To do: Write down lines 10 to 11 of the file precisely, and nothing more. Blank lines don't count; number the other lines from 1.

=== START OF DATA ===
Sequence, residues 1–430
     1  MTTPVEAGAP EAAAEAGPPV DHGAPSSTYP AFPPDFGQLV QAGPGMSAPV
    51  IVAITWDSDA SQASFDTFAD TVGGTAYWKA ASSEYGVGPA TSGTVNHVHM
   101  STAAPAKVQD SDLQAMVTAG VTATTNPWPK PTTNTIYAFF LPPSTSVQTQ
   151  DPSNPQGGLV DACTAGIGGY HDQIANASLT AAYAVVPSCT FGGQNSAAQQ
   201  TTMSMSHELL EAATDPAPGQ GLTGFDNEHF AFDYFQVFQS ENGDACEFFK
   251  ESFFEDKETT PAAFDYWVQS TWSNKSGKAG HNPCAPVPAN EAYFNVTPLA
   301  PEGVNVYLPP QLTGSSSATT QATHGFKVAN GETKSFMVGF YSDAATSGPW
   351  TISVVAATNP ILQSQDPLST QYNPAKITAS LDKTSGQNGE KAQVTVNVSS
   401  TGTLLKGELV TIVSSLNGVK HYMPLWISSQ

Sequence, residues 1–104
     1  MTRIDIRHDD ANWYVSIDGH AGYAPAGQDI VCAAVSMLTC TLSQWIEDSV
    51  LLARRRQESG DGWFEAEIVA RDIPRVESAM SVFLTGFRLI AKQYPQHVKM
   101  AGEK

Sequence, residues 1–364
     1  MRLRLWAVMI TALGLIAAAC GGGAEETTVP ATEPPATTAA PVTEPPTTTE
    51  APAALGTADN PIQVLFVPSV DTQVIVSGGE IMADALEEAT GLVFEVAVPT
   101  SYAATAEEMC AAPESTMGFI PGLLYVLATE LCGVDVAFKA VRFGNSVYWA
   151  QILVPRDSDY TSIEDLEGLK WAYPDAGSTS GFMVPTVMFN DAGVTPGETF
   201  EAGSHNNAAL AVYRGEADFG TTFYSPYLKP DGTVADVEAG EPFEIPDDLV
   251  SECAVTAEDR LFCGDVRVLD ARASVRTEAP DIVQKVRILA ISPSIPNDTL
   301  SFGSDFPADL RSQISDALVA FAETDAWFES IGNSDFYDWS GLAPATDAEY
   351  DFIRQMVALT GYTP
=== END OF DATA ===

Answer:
   401  TGTLLKGELV TIVSSLNGVK HYMPLWISSQ

Sequence, residues 1–104